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How your 5p bag tax is helping to save six majestic buildings

By Lesley Houston

Published 16/07/2015

Sacred Heart, Omagh
Sacred Heart, Omagh
St Eugene’s Cathedral, Derry
Union Theological College, Belfast
Church of the Holy Undivided Trinity, Waringstown
Holy Cross Boys’ School, Crumlin Road, Belfast
Cathedral Primary School, Derry

Six listed buildings will have their futures assured by the mountain of 5p coins collected from carrier bag fees which has mushroomed into a £500,000 windfall.

Funds from the levy, introduced in April 2013, will go toward resurrecting decaying buildings and even assuring the future training of Presbyterian ministers throughout Ireland.

Environment Minister Mark H Durkan yesterday announced the £500,000 lifeline that will help conserve the Union Theological College in Belfast, part of Queen's Univerity's theology department, where the ministers are trained.

Other projects receiving a cash boost include a new tourism venue at the former Derry Cathedral Primary School in Londonderry, as well as the conversion of the former Holy Cross Boys' School on Belfast's Crumlin Road into a community centre.

Work will restore the Church of the Holy Undivided Trinity in Waringstown, Co Down, for continued ecclesiastical use, while Omagh's Sacred Heart Church will be restored, as will St Eugene's Cathedral in Derry.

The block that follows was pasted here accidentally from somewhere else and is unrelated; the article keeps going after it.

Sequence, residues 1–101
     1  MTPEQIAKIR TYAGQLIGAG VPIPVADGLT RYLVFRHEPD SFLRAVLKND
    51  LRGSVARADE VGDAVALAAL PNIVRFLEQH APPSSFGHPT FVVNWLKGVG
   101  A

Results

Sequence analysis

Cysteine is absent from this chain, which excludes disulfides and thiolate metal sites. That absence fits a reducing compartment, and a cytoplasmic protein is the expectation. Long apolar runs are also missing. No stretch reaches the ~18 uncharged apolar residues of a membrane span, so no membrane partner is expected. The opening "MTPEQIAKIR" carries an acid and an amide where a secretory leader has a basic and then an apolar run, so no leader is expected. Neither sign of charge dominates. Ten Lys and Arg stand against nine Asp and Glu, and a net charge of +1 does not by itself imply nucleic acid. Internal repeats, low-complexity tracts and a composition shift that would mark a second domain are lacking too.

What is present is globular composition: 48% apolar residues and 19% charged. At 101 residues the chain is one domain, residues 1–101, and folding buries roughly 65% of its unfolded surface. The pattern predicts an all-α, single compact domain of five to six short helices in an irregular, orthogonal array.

Mr Durkan said that from a "tightly squeezed budget" within his Department of the Environment, only projects directly benefiting local communities will reap the rewards.

Stating the need to "prioritise", Mr Durkan said the scarce funds would be channelled into buildings, some of which have been lying derelict for years.

"Obviously I would like to fund many more projects but that was not possible given the dire economic situation," he said. "Under the budget cuts no money was to be allocated. Now some important community and church buildings will benefit."

The minister said he was mindful of other equally deserving buildings in need of urgent repair.

Restating the aim of the levy - to be spent on the environment for the use of all - he vowed to continue to keep seeking ways to address this budget problem "for the benefit of our environment".

In the past two years since the levy was imposed, the DoE has pumped £1.25m into the Natural Environment Fund, a new grant established for the protection of the Northern Ireland landscape, its native species and access to the countryside.

The NEF provided the coffers for the scheme due to a lack of funds left in the DoE budget.

It followed the creation of the £300,000 Challenge Fund in 2013 ring-fenced for "inspirational" environmental projects within youth and senior citizens, environmental groups plus schools and colleges.

Belfast Telegraph

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